We walked into Cocina del Barrio around 12:30 p.m. and there was a growing lunch crowd in the place. We were greeted by a hostess who wanted to know if we would like to eat in the bar area up front or in the long dining room looking into the open kitchen toward the back. We decided to sit in the bar area with Cindy seated in a banquette seat along the south wall and I took a chair at the high table. It's much larger at Cocina del Barrio compared to the cramped conditions that I found on my first visit to the Barrio location in Minneapolis. With a lot of wooden walls and a hard wood floor, even with the place half-full, it was pretty loud in there. I can almost imagine the sound level when it's packed at night.
Since we were going to eat at the famous Manny's Steakhouse that evening (look for that entry in a couple three weeks), we decided that we were probably just going to have drinks and tacos. Our server for the afternoon, John, came over to greet us and I immediately ordered a Trinity margarita for both of us - Milagro silver label tequila, Cointreau and lime juice over ice - and a bowl of their wonderful guacamole. Although we've had margaritas like that at home (the recipe taught to me by a former colleague), Cindy said that she didn't care for the taste of it. I ended up drinking both mine and hers, then I ordered a Skinny Mommi margarita for her - it's basically a traditional margarita. She seemed to like that better.
John brought out the guacamole and it was fresh and flavorful as I remembered it to be from my previous visit to Barrio. A small bowl of very fresh corn chips, crisp and warm, were brought out along with a small dish of a smoky sauce. The guacamole at Cocina del Barrio has large chunks of fresh avocado, cilantro, radish slices and chopped tomatoes. It would be stupidly easy to make at home and the Barrio restaurants are extremely proud of it - it costs $8.50. Hey, anything to get that food vs. alcohol ratio up!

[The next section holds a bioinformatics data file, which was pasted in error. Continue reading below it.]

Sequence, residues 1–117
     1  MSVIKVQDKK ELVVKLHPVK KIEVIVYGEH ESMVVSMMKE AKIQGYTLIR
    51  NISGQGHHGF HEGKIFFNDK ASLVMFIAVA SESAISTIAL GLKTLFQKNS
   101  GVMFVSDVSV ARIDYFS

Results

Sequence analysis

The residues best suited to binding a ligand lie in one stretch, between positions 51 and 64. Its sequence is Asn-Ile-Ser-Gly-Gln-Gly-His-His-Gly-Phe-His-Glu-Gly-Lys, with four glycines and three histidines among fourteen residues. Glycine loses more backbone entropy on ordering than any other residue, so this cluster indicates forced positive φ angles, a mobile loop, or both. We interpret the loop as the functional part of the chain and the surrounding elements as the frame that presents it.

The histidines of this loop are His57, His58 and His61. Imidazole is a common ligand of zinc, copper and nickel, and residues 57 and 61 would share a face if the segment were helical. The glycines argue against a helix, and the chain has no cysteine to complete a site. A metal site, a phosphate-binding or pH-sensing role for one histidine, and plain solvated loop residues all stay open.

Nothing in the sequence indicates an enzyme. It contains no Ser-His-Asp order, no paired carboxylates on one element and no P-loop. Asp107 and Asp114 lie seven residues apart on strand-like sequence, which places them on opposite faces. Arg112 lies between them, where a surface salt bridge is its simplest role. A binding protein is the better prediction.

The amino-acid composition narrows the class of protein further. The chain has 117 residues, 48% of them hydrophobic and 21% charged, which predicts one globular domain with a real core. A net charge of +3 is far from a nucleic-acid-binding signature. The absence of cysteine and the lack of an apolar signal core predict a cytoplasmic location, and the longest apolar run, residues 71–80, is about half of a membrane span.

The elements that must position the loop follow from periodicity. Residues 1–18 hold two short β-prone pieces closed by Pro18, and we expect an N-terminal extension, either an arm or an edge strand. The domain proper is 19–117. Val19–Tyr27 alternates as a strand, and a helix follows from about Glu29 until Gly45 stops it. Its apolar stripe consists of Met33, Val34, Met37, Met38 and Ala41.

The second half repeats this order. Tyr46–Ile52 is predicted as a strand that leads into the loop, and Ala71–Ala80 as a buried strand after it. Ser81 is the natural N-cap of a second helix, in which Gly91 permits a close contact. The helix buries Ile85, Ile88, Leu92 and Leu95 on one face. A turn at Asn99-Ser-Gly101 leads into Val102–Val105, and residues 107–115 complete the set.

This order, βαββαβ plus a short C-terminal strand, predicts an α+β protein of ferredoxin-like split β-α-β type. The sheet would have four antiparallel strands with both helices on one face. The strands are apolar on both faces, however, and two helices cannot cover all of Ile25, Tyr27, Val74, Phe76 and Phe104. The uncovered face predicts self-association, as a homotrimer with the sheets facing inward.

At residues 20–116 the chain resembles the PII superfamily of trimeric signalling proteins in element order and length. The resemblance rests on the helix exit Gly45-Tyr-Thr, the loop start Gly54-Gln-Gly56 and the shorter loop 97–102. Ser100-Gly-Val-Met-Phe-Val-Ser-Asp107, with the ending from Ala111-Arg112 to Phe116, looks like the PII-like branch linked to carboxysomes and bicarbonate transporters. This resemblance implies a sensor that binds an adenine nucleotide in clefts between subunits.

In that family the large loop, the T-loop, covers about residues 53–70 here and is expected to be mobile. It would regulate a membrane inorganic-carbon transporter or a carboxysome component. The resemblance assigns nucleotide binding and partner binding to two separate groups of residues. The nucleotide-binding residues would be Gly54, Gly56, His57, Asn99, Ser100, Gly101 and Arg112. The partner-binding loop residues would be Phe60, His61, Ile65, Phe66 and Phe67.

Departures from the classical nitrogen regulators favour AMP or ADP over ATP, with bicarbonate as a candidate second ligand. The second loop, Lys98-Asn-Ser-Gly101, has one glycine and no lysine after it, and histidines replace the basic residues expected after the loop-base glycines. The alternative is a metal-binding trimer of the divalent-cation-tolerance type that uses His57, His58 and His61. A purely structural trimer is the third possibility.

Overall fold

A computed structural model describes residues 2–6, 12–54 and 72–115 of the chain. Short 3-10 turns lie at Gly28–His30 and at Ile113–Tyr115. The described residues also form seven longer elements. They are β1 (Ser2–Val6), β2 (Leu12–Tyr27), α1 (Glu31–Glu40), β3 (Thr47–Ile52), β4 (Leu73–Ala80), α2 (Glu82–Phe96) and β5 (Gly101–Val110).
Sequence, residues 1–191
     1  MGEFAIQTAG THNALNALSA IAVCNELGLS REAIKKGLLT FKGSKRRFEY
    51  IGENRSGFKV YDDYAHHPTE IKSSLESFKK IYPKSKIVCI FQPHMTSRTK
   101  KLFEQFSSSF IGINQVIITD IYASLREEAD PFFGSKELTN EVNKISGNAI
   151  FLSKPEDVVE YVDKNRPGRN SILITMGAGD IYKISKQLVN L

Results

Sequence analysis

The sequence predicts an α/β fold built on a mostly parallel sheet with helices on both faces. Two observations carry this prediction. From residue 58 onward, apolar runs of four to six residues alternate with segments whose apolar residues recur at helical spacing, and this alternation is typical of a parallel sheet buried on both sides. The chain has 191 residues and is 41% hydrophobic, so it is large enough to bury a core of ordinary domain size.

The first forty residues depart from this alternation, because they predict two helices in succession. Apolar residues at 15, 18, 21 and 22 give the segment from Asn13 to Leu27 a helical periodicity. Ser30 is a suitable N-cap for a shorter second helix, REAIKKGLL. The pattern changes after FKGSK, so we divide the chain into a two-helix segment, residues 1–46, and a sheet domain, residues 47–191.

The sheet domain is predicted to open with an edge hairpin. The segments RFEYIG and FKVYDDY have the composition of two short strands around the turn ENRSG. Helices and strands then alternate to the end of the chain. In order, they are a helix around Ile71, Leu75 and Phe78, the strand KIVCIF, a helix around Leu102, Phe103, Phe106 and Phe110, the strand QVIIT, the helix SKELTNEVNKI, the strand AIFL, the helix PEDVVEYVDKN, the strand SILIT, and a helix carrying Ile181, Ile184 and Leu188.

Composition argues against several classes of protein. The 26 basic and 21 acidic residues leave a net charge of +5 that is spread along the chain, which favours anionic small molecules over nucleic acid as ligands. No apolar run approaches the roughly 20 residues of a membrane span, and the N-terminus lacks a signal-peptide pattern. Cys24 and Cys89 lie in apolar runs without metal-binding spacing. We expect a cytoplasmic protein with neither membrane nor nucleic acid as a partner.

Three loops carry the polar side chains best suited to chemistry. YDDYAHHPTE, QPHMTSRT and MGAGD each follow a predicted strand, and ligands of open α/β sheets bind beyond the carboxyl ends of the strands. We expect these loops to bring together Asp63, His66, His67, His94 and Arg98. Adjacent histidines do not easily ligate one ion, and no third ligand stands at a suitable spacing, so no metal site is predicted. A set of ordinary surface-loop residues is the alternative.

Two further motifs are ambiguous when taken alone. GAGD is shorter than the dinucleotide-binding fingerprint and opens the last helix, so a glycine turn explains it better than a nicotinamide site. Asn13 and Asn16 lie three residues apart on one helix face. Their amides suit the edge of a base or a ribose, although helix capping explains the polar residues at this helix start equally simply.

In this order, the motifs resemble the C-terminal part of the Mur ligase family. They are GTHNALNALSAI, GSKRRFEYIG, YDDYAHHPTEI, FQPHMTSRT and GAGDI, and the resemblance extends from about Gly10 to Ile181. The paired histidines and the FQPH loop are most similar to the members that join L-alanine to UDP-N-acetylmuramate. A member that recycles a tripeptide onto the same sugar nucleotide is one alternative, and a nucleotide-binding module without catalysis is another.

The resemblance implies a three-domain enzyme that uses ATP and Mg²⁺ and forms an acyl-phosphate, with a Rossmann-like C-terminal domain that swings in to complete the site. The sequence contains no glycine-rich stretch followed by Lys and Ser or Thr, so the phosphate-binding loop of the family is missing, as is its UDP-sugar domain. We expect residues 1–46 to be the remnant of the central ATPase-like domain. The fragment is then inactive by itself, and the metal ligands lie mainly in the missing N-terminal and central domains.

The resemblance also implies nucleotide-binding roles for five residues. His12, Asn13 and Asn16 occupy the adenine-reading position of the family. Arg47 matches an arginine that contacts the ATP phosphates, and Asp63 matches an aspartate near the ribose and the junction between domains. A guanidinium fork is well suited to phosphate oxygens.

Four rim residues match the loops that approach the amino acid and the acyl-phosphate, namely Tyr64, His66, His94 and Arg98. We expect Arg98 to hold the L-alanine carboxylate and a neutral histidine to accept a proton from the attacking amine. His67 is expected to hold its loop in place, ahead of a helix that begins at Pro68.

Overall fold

We took a look through the menu and I was telling Cindy of some of the tacos I'd had at the Barrio in downtown Minneapolis. They didn't have as many tacos on the menu in Edina as they did downtown. They didn't have the beef tongue or pork belly tacos in Edina, not that I would have gotten either one of those. They also didn't have the chorizo enchilada on the menu in Edina. That was very good on my original visit.
I noticed that they had a fried mahi mahi taco on the menu, but noticed elsewhere that they had a grilled mahi mahi entree. I asked him if we could get the grilled mahi mahi on a taco instead. He said, "Oh, yeah. Sure! We can do that." Cindy ordered up a chicken enchilada and a grilled mahi mahi taco. I got one taco each of the grilled mahi mahi, skirt steak and pork carnitas. I ordered up another Trinity margarita to have with my lunch.
Our food came out and from just the smell of the tacos, I was ready to eat. From left to right in the picture at the left are Cindy's chicken enchilada with a salsa verde sauce on top, the grilled mahi mahi taco we both ordered topped with a couple slices of fresh jalapeno and chopped tomatoes, the pulled-pork carnitas which had a green sauce on top, and the skirt steak taco with cilantro and sliced radish strings (they're big on radish at the Barrio restaurants).
And just like the original Barrio, the tacos were all very good. The mahi mahi taco had a great seafood flavor to it and the jalapeno slices added a little bite to the taste. The pork carnitas were moist and flavorful with sort of a citrus taste to the meat. The skirt steak was tender and had a great grilled taste to the meat. Cindy was also very happy with her chicken enchilada and her mahi mahi steak. She said, "Now I understand why you were raving about this place."
Unfortunately for Cocina del Barrio that day, we spent much more on alcohol ($36.50) versus food ($32.50). With a nice tip for John who did a fine job of taking care of us, well, it wasn't a cheap lunch. But, hey, we're on vacation, right? We splurged a lot over the course of our vacation and Cocina del Barrio was no exception. But the food is always fresh and tastes wonderful. Barrio isn't the kind of place that I'd go to all the time for a quick fix of Mexican food, but it will still be on my radar on my trips to the Twin Cities.